I am copying this word for word from Peter Diamandis. This is worth keeping in mind for entrepreneurs.
My definition of an entrepreneurial or corporate Moonshot comes from my friend Astro Teller, who is the current head of X (formerly Google X).
He defines it as going 10X bigger, while the rest of the world is trying to grow 10%.
As Astro described it, most executive teams aim for 10% growth… they’ll work harder, buy new equipment, work nights or weekends, and try to eke out 10% growth.
A Moonshot (10x improvement), in contrast, can’t be achieved by working harder alone.
You have to start with a clean sheet of paper and be willing to try seemingly crazy ideas.
You have to keep writing down crazy ideas until you find one that doesn’t actually seem so crazy.
Don’t forget that “the day before something is truly a breakthrough, it’s a crazy idea.”
Moonshot entrepreneurs like the founders of Uber, Google, Facebook, and Tesla didn’t just wake up one morning with an idea to change the world.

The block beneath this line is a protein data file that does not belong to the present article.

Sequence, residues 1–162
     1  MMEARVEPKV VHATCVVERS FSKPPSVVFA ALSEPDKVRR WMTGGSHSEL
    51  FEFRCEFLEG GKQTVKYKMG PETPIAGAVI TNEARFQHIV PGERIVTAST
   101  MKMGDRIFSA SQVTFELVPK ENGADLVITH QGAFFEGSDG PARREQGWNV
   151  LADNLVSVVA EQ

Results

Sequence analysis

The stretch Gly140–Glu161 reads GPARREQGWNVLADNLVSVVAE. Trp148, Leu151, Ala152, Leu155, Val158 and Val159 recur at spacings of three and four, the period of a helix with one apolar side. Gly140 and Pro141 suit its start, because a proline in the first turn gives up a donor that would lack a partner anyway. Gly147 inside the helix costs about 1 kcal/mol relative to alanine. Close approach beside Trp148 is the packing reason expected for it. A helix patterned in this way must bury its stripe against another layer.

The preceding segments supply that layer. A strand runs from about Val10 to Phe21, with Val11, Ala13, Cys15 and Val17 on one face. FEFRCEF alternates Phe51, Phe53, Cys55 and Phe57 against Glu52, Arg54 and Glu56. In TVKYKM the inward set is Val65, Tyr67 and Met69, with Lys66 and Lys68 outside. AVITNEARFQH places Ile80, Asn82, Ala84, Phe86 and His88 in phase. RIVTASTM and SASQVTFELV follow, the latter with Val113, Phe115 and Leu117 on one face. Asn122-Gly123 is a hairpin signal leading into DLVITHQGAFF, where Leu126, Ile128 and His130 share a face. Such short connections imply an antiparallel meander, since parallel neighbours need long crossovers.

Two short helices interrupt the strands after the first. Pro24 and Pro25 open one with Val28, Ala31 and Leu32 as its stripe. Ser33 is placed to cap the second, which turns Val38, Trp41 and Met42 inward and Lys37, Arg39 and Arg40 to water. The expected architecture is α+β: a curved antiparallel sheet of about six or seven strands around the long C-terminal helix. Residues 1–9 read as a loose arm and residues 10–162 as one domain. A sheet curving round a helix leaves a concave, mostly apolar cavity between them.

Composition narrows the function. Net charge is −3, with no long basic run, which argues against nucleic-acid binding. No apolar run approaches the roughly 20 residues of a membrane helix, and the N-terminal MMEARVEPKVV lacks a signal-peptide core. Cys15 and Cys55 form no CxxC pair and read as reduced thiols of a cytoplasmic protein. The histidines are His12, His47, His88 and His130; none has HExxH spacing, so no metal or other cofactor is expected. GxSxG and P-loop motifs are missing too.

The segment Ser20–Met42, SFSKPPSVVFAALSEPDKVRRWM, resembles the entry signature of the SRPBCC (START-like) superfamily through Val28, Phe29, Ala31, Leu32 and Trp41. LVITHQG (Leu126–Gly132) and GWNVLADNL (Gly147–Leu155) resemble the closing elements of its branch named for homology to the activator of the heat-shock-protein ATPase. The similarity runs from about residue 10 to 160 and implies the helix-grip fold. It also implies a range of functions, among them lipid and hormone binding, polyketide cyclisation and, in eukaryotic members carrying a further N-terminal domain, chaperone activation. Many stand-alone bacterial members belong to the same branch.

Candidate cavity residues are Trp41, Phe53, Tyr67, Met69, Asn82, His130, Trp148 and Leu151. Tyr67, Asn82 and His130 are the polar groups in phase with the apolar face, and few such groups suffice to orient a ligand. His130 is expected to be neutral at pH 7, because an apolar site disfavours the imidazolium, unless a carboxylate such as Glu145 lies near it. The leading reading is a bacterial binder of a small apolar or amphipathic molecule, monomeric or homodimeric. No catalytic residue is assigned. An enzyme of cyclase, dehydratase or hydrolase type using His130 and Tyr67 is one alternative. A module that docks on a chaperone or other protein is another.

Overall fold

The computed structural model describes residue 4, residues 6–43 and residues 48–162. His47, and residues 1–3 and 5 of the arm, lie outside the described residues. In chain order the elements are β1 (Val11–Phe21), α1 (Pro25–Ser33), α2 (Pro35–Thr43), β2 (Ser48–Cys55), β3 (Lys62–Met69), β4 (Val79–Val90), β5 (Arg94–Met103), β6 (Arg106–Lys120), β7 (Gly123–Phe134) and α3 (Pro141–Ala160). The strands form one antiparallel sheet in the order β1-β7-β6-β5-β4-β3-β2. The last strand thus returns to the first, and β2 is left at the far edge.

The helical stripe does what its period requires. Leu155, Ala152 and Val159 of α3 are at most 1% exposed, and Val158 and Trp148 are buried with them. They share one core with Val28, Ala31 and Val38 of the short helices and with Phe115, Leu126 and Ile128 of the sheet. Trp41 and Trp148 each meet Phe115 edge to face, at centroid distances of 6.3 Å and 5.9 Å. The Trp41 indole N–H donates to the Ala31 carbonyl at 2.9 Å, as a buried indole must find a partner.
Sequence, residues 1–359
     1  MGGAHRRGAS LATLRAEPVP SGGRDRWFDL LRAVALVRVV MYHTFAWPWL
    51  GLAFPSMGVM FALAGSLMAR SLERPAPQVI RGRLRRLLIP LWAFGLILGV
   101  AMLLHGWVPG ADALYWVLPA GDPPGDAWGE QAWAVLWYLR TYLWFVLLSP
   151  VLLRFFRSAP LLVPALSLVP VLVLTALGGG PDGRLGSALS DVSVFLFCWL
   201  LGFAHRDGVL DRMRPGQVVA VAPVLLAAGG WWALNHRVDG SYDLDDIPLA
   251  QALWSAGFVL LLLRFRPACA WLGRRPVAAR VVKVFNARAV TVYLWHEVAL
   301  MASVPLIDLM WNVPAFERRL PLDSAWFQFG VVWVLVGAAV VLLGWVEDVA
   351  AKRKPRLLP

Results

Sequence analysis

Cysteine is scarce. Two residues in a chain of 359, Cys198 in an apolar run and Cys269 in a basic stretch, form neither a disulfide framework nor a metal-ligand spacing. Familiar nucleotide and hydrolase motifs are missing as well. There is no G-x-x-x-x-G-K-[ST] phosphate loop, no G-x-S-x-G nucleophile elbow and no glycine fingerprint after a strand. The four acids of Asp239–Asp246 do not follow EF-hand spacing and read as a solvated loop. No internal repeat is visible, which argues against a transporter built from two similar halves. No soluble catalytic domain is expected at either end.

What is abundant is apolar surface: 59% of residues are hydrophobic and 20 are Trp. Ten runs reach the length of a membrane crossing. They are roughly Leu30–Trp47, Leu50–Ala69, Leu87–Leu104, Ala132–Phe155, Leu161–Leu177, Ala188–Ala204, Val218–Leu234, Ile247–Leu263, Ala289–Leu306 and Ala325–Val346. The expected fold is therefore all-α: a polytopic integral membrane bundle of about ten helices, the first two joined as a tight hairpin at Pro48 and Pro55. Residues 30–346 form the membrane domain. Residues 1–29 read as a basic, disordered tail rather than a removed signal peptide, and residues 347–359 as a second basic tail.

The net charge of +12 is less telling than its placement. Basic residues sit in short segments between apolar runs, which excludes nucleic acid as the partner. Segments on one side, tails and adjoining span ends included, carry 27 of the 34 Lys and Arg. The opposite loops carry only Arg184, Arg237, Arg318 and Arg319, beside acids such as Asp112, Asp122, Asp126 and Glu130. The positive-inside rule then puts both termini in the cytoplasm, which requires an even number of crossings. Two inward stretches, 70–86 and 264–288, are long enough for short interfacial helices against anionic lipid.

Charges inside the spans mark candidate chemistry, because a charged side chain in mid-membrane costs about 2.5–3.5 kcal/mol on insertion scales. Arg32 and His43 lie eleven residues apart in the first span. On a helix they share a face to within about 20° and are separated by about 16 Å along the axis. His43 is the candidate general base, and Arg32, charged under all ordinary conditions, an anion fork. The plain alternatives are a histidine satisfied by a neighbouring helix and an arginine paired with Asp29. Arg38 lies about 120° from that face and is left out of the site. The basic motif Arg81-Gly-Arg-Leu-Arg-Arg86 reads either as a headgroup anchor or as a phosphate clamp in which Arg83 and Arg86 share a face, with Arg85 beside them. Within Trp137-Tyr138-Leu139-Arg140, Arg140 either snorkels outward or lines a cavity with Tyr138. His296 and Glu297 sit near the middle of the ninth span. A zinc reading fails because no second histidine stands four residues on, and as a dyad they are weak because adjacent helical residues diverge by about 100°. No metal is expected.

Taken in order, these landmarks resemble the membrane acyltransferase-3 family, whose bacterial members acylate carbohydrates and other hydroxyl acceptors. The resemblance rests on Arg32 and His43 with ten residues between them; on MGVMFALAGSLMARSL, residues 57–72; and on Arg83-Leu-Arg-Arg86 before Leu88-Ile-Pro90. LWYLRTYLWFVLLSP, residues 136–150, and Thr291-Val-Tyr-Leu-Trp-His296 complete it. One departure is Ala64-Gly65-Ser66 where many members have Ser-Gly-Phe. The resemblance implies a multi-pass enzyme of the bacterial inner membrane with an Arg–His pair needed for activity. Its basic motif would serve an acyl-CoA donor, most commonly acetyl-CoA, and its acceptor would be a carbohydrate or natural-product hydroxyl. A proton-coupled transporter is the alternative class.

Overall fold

They found a big, juicy, seemingly unsolvable problem and didn’t sleep until they came up with a solution.
But why do Moonshots matter?
As Astro described it, there are three principal reasons:
- When you try and do something radically hard, you approach the problem differently than when you try to make something incrementally better. The goal of 10x improvement forces you to throw out old problems and brainstorm something radically new.
- When you attack a problem as if it were solvable, even if you don’t know how to solve it, you’ll be shocked with what you come up with. Just giving yourself permission to say, “I have no idea what I’m going to do,” and, again, just forcing yourself to write down crazy ideas will allow you to ideate convergences and breakthroughs you wouldn’t have normally made. It unshackles you.
- Aiming for something that is 10x better vs 10% better is 100 times more worth it… but never 100 times harder.